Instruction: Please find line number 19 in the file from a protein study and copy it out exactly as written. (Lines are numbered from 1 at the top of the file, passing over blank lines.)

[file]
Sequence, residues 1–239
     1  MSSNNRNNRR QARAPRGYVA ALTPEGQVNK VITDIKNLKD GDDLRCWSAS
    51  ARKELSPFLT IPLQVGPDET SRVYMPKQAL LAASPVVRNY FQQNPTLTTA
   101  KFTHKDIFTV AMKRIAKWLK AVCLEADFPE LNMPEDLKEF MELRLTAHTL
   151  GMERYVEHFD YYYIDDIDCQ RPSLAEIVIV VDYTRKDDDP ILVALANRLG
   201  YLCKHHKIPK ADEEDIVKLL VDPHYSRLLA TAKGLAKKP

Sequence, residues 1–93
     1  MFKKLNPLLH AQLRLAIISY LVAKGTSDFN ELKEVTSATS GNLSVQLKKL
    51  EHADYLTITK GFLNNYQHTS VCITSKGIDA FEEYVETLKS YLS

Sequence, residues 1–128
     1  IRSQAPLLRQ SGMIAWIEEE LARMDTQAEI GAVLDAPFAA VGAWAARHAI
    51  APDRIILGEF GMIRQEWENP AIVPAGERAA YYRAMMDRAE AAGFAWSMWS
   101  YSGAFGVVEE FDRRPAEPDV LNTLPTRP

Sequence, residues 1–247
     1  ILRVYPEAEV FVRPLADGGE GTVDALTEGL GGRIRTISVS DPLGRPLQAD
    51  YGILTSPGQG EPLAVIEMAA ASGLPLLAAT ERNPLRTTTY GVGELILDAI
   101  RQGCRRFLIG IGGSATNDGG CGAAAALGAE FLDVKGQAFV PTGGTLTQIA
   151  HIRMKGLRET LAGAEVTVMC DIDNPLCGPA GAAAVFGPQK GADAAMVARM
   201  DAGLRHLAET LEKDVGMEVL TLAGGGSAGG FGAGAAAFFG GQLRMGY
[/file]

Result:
   201  DAGLRHLAET LEKDVGMEVL TLAGGGSAGG FGAGAAAFFG GQLRMGY